Craig Kronberg, John Deere

Over the last several years, I’ve had the opportunity to participate in a number of change management initiatives. Some of those changes were successful, a few failed, and others were somewhere in between. I have also played a role in leading some change initiatives and through those learned some key steps to successfully managing change. While there are numerous books and studies on the topic, I find many overcomplicate the topic, so I typically break change management into its simplest form—communication. The challenge lies in the planning and execution of the communication to build support and buy-in for the change initiative. I organize change initiative communication around six key areas: Audience, The Why, Message, Method, Timing, and Project Plan.

The Audience

Identifying your audience is probably the most important aspect to change communication. Grouping and then tailoring the message to each unique group helps focus your message to provide more meaning and support for the change initiative. A solid project charter often identifies these groups: Champions/Leaders, Team Members, Impacted Stakeholders, and so on. You need to consider what each group needs to know and how they want to hear the message.

  • Champions/Leaders need the executive summary and will expect you and your team to handle the details. They will need to understand the impact on budget, the high-level business process changes, and the return on investment.
  • For Team Members, the change may have more of a direct impact on their daily work. They will need to know how the changes will impact them and should be part of the change design when possible.
  • Other Impacted Stakeholders could include those providing inputs to the changed process or customers/consumers of the process. Again, where possible it may be beneficial to include them in the change design.

Each group will likely have a different need and a different expectation. Your challenge is to build a suite of communications that meets the needs of each group, while staying consistent. Put yourself in the shoes of each group to understand what they need to hear. A good practice is to review your plan and communications with a few trusted colleagues in each group to verify you will meet their needs. Deliver what information they need when they need it for building buy-in, support, and commitment.

The Why

The ‘why’ plays a crucial role in change management. Many of us have heard the term “creatures of habit.” Change can be very difficult; you need a compelling reason to acquire buy-in and support for your change initiative. Without it, those involved will resist the change and significantly reduce the implementation efforts; ultimately they will fail to produce results. So what is your compelling argument? Often sustainability is convincing. The business environment is competitive, and change is often required to deliver more value at greater efficiency than your competitors. Even for nonprofits, it is important to provide value and ensure funds are used efficiently and appropriately.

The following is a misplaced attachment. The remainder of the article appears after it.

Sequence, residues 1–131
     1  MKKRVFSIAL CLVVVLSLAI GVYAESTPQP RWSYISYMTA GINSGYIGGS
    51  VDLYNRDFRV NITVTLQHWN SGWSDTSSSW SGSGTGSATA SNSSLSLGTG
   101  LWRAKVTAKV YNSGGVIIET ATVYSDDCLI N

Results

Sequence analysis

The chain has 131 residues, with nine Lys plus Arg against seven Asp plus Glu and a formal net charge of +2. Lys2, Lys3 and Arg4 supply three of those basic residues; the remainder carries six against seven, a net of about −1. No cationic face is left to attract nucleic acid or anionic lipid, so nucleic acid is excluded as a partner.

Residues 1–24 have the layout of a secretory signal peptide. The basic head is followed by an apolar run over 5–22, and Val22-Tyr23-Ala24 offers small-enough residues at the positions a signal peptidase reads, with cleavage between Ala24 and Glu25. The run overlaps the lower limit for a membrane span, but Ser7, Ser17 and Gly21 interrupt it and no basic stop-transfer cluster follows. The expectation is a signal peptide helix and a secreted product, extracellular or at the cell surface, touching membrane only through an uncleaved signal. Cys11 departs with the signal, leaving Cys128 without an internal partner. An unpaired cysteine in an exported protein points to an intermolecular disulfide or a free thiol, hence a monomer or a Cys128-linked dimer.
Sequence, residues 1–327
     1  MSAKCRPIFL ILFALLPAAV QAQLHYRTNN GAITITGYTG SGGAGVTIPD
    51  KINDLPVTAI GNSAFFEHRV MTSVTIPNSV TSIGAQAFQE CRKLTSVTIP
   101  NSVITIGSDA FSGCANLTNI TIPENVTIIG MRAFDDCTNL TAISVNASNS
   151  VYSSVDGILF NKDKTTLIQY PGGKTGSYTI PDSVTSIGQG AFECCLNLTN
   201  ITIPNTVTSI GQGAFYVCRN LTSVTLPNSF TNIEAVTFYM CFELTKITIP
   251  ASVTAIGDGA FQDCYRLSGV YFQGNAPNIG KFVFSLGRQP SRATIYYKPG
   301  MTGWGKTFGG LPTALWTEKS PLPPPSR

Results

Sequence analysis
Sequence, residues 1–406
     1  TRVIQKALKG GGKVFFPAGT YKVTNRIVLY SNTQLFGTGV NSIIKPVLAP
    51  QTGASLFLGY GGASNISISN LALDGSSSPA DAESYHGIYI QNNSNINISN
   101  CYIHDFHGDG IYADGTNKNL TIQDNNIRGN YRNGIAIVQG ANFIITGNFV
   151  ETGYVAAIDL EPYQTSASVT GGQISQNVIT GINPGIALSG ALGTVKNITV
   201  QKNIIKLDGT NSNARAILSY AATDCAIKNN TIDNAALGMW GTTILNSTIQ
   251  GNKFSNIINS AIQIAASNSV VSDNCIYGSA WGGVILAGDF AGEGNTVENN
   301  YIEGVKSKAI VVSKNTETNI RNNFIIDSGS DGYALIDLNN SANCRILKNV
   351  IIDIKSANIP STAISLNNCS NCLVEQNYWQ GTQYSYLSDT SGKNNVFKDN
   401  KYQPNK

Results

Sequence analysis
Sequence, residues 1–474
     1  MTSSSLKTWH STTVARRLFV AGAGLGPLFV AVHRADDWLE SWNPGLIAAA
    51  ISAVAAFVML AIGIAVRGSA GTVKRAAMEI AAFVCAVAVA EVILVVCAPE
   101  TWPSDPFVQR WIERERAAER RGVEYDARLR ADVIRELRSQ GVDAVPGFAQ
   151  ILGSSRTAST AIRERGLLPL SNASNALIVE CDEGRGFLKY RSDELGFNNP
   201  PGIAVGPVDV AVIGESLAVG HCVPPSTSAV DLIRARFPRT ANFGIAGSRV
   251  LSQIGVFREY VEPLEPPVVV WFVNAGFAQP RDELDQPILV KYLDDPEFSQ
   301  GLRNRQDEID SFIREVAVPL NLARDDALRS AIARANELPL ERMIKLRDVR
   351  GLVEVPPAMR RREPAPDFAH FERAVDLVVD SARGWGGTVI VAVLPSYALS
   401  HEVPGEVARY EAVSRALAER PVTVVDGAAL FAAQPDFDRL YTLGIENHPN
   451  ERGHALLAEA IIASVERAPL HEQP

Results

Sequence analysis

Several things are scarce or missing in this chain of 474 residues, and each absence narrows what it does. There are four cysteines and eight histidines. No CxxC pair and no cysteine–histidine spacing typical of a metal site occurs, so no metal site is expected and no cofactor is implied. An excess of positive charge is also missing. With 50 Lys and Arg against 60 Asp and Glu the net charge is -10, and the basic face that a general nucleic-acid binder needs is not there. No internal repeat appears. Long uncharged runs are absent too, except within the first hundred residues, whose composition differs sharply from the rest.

Beyond sustainability, another great ‘why’ is process improvement. Quality initiatives like Six Sigma focus on eliminating waste, improving efficiency, and streamlining processes. Most of us get frustrated by waste and want to add value. Engaging involved parties in improving the tools and processes that impact them can be very empowering. Probably the most difficult change management initiatives are directives and cost reduction measures. But even with these, the need for a compelling argument is still present.

The key is breaking down the directive to find positives without misrepresenting the changes if positives don’t exist. While some may adopt a “just do it” approach, the effectiveness of that method is limited to your relationship with those that need to implement the change. Nearly all change initiatives have some benefits—your challenge is to identify the benefits and communicate them.

The Message

So you’ve identified the audience and you know why the change is important. Next is the ‘what’… that ‘what’ is your message. The message takes the ‘why’ and mobilizes it into a vision of what the future state will be. By putting your stakeholders into the future state, you will build a better understanding of the reason(s) for the change and how you will get there.

As you communicate across various groups, consistency in your message is important. Driving for consistency will help avoid contradictions and build momentum for the change. Keep in mind that the people you communicate with may need to hear the message two or three times to understand, accept, and hopefully embrace the change. If they hear inconsistencies or constant changes (versus refinements), you will lose credibility and support.

Wherever possible, the message needs to be clear, crisp, and simple. In the authoring world, it has been said that it takes longer to write less. Spend the time to develop the message with as few words as possible while still being impactful in casting a vision of the future. The more succinct the message, the easier it will be for your stakeholders to understand, remember, and communicate what the change is about. Use visuals like process maps, videos, and other graphic tools where applicable to help build understanding and support for your initiative. Most people can only absorb so much text, so look for ways to use visuals to simplify your message.

The best solution is to start with a framework of the ‘why’ and what the impact of the change will likely be. Then ask your stakeholders to provide you with input on how the change can be most successful. Even if you can’t act on every suggestion, asking for input will help you avoid major roadblocks and resistance. This input can also help you tailor your future messages to address objections and be more successful.

The Method